As Serampore, or its suburbs, is the most popular centre of Jaganath worship next to Pooree in Orissa, the cruelty and oppression which marked the annual festival were ever before the missionaries' eyes. In 1813 we find Dr. Claudius Buchanan establishing his veracity as an eye-witness of the immolation of drugged or voluntary victims under the idol car, by this quotation from Dr.

Who smote at Pooree, under the Image there, her thousands in a day and a night, and bound the sickness to the wheels of the fire-carriages, so that it ran from one end of the land to the other? Who but Kali? Before the fire-carriage came it was a heavy toil. The fire-carriages have served thee well, Mother of Death. But I speak for mine own altars, who am not Bhairon of the Common Folk, but Shiv.

Others that it was made at the Devil-Shrine of Ao-Chung in Thibet, was stolen by a Kafir, from him by a Gurkha, from him again by a Lahouli, from him by a khitmatgar, and by this latter sold to an Englishman, so all its virtue was lost: because, to work properly, the Bisara of Pooree must be stolen with bloodshed if possible, but, at any rate, stolen.

These stories of the coming into India are all false. It was made at Pooree ages since the manner of its making would fill a small book was stolen by one of the Temple dancing-girls there, for her own purposes, and then passed on from hand to hand, steadily northward, till it reached Hanla: always bearing the same name the Bisara of Pooree.

Then they were much fewer, but then even more than now the town was a centre of the Vishnoo-worship of Jagganath, second only to that of Pooree in all India. Not far off, and now connected with the port by railway, is the foul shrine of Tarakeswar, which attracts thousands of pilgrims, many of them widows, who measure the road with their prostrate bodies dripping from the bath.

Who smote at Pooree, under the Image there, her thousands in a day and a night, and bound the sickness to the wheels of the fire-carriages, so that it ran from one end of the land to the other? Who but Kali? Before the fire-carriage came it was a heavy toil. The fire-carriages have served thee well, Mother of Death. But I speak for mine own altars, who am not Bhairon of the Common Folk, but Shiv.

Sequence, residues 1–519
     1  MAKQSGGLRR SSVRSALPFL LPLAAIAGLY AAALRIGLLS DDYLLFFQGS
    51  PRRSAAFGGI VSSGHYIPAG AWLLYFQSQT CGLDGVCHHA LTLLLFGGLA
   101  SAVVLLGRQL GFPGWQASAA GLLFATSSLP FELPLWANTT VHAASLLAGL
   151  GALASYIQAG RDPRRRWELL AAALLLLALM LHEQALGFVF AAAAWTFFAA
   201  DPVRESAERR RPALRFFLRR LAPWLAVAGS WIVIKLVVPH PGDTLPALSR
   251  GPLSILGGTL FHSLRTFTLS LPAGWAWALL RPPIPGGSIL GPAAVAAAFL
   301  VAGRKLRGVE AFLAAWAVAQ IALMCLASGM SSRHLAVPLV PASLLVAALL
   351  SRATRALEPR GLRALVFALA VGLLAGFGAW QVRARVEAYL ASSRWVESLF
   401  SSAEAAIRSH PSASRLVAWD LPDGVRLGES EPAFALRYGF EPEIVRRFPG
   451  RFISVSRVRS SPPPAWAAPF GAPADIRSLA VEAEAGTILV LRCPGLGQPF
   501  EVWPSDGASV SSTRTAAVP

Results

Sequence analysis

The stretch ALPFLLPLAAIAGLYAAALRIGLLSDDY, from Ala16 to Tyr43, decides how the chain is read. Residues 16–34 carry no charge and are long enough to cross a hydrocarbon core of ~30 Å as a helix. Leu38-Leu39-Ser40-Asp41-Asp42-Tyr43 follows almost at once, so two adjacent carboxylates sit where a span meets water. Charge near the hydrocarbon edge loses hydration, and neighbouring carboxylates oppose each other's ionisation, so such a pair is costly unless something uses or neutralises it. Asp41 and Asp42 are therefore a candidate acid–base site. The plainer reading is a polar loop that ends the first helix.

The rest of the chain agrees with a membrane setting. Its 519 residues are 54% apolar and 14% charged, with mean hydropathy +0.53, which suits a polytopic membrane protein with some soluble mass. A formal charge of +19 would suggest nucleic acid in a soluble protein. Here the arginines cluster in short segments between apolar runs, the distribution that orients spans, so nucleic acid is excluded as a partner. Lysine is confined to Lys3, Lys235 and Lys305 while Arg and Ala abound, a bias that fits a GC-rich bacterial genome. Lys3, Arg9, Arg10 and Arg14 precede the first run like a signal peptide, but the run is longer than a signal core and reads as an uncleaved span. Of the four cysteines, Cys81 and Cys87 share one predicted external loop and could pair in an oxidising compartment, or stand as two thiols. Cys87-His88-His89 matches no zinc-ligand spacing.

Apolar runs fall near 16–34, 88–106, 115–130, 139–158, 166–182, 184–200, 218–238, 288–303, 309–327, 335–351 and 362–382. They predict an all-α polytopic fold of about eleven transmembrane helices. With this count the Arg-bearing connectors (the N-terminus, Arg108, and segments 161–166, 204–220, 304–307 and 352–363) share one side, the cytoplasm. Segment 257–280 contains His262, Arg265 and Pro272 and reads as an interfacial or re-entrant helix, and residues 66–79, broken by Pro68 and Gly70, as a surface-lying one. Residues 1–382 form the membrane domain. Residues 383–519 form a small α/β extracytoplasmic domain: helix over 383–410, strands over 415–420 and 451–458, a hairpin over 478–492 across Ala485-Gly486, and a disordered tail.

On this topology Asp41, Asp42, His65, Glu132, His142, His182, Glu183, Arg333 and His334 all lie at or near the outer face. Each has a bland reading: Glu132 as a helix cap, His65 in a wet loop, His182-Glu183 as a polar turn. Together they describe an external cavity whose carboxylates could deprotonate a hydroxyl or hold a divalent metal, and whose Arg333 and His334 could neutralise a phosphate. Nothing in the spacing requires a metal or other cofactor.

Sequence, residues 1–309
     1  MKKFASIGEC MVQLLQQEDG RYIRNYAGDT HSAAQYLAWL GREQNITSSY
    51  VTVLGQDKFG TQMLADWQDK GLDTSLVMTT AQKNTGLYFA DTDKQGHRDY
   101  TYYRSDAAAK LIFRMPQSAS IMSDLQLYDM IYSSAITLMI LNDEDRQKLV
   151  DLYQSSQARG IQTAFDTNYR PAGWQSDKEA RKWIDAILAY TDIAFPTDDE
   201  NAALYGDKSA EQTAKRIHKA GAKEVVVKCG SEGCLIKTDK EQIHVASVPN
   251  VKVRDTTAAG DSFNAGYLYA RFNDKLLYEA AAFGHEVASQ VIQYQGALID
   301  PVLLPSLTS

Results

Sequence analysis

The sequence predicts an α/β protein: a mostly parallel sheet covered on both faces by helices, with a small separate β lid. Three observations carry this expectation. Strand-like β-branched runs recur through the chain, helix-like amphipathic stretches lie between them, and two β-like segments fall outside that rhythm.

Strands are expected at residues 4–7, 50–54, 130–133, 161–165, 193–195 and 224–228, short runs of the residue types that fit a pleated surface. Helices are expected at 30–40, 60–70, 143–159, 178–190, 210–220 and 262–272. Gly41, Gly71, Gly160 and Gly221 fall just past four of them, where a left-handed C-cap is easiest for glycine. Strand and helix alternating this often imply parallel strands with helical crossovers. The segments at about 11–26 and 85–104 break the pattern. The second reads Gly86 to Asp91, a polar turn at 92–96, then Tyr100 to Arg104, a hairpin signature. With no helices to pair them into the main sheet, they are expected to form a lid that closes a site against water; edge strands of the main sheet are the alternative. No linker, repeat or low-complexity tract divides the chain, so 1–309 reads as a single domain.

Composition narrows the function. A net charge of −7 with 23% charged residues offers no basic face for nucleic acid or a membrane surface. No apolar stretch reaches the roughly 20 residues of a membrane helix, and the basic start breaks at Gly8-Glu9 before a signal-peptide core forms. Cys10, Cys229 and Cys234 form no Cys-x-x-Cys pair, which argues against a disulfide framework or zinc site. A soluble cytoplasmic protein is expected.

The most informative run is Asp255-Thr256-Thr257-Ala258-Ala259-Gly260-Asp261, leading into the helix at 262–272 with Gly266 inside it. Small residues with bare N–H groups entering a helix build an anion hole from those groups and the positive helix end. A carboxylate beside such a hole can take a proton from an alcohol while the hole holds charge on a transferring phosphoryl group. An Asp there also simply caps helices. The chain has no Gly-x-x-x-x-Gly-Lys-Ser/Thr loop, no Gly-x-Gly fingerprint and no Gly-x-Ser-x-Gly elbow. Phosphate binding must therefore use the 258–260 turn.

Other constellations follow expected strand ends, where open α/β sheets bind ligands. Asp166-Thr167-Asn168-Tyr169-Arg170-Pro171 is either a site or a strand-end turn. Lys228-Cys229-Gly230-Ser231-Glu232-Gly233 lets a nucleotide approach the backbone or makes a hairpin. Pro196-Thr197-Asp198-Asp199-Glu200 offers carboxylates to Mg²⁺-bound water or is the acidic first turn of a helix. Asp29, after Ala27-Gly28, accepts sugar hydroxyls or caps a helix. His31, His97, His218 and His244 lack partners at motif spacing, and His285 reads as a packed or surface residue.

It opened to any sort of key, and there at the bottom, under Pack's Insurance Policy, lay the Bisara of Pooree! Churton called Pack names, put the Bisara of Pooree in his pocket, and went to the dance with The Man. At least, he came in time for supper, and saw the beginning of the end in Miss Hollis's eyes. She was hysterical after supper, and was taken away by her Mamma.

Half in fun, and half hoping to be believed, The Man who Knew told Churton the story of the Bisara of Pooree at rather greater length than I have told it to you in this place; winding up with the suggestion that Churton might as well throw the little box down the hill and see whether all his troubles would go with it.

All kinds of magic are out of date and done away with except in India where nothing changes in spite of the shiny, toy-scum stuff that people call "civilization." Any man who knows about the Bisara of Pooree will tell you what its powers are always supposing that it has been honestly stolen. It is the only regularly working, trustworthy love-charm in the country, with one exception.

Who smote at Pooree, under the Image there, her thousands in a day and a night, and bound the sickness to the wheels of the fire-carriages, so that it ran from one end of the land to the other? Who but Kali? Before the fire-carriage came it was a heavy toil. The fire-carriages have served thee well, Mother of Death. But I speak for mine own altars, who am not Bhairon of the Common Folk, but Shiv.